Most of the time in this chapter we focus on the contest on Mt. Carmel between Elijah and the prophets of Baal. But early in the chapter our class paused to take note of the witness of Obadiah.
The chapter starts three years into the famine that Elijah pronounced to the wicked king Ahab:
1 Kings 18.1-6The moral witness of Obadiah is fascinating. Obadiah is the palace administrator for a corrupt and wicked king. But Obadiah is a devout believer in the Lord so he hides a hundred prophets of the Lord and keeps them alive by supplying them with food and water. And we can assume this has been going on for about three years. No small task. And a risky one at that.
After a long time, in the third year, the word of the Lord came to Elijah: “Go and present yourself to Ahab, and I will send rain on the land.” So Elijah went to present himself to Ahab.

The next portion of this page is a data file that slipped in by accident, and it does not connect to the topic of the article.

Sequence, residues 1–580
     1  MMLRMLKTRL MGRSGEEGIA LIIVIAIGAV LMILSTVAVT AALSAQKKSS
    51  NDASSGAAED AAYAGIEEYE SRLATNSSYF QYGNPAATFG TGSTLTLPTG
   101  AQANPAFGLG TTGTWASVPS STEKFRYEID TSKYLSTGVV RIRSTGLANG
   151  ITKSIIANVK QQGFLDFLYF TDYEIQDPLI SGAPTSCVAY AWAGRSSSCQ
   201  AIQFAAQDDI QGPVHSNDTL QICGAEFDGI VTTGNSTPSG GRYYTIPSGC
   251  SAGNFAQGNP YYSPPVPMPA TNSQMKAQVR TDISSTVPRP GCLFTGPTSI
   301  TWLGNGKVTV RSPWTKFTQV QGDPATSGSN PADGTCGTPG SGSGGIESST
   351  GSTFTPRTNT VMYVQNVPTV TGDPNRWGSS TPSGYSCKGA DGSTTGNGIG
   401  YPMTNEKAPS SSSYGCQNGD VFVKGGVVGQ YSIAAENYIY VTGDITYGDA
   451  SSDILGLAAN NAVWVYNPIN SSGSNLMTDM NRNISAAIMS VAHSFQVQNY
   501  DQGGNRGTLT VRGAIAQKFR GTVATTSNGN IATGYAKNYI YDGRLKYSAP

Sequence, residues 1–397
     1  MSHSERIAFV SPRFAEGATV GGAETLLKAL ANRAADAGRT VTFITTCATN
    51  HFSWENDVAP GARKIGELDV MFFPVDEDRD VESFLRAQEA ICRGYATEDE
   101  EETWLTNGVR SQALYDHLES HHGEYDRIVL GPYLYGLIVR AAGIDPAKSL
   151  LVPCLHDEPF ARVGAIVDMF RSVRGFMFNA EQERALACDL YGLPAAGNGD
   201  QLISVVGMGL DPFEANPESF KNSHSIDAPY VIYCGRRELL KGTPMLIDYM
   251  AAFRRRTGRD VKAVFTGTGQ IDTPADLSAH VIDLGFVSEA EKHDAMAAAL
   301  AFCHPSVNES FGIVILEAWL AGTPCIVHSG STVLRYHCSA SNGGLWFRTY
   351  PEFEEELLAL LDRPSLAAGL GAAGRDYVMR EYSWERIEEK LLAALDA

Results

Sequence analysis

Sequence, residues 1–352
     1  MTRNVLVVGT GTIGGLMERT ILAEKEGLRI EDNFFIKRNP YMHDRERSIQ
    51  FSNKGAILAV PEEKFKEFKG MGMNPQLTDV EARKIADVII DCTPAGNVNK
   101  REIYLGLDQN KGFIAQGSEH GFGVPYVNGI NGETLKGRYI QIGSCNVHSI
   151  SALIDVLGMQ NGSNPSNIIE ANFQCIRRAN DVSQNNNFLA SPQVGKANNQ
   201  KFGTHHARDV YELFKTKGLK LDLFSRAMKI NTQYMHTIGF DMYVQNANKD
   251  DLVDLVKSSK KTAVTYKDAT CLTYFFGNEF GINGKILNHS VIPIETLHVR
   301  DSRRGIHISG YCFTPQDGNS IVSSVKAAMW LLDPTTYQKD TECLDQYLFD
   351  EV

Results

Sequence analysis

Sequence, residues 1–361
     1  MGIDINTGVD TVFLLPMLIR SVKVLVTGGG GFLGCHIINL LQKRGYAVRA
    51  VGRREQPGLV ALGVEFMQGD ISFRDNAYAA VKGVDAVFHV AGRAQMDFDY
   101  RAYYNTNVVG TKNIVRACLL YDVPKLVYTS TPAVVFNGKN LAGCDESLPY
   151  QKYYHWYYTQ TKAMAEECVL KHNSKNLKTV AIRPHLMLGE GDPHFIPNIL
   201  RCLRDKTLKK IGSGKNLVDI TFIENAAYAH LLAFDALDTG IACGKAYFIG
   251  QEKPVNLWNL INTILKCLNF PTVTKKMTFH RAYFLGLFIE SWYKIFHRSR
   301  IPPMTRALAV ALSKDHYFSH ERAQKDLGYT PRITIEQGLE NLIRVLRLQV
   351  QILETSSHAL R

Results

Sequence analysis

Now the famine was severe in Samaria, and Ahab had summoned Obadiah, his palace administrator. (Obadiah was a devout believer in the Lord. While Jezebel was killing off the Lord’s prophets, Obadiah had taken a hundred prophets and hidden them in two caves, fifty in each, and had supplied them with food and water.) Ahab had said to Obadiah, “Go through the land to all the springs and valleys. Maybe we can find some grass to keep the horses and mules alive so we will not have to kill any of our animals.” So they divided the land they were to cover, Ahab going in one direction and Obadiah in another.
Basically, what Obadiah does is the equivalent of hiding Jews during the Holocaust as a Nazi government official.
And the witness of Obadiah isn't an isolated case. Throughout the Old Testament we find servants of the Lord serving pagan kings.
Joseph. Daniel. Shadrach, Meshach and Abednego. Esther.
I find these cases interesting as many of us serve or work in vocations, organizations, institutions or systems that don't seem very just or holy.
And yet, like Obadiah, we can be faithful people within these institutions, doing good and protecting people within our sphere of influence.